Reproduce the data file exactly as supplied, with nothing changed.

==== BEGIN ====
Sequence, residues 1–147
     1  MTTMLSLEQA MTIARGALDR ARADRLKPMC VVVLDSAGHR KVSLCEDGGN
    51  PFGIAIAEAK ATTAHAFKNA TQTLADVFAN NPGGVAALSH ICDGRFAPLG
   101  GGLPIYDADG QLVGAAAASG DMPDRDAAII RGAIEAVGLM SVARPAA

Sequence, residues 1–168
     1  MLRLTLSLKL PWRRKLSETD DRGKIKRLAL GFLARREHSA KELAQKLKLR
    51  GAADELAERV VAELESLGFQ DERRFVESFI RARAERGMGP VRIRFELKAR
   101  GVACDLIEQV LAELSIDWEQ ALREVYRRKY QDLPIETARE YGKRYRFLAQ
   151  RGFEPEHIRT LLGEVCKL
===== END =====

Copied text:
Sequence, residues 1–147
     1  MTTMLSLEQA MTIARGALDR ARADRLKPMC VVVLDSAGHR KVSLCEDGGN
    51  PFGIAIAEAK ATTAHAFKNA TQTLADVFAN NPGGVAALSH ICDGRFAPLG
   101  GGLPIYDADG QLVGAAAASG DMPDRDAAII RGAIEAVGLM SVARPAA

Sequence, residues 1–168
     1  MLRLTLSLKL PWRRKLSETD DRGKIKRLAL GFLARREHSA KELAQKLKLR
    51  GAADELAERV VAELESLGFQ DERRFVESFI RARAERGMGP VRIRFELKAR
   101  GVACDLIEQV LAELSIDWEQ ALREVYRRKY QDLPIETARE YGKRYRFLAQ
   151  RGFEPEHIRT LLGEVCKL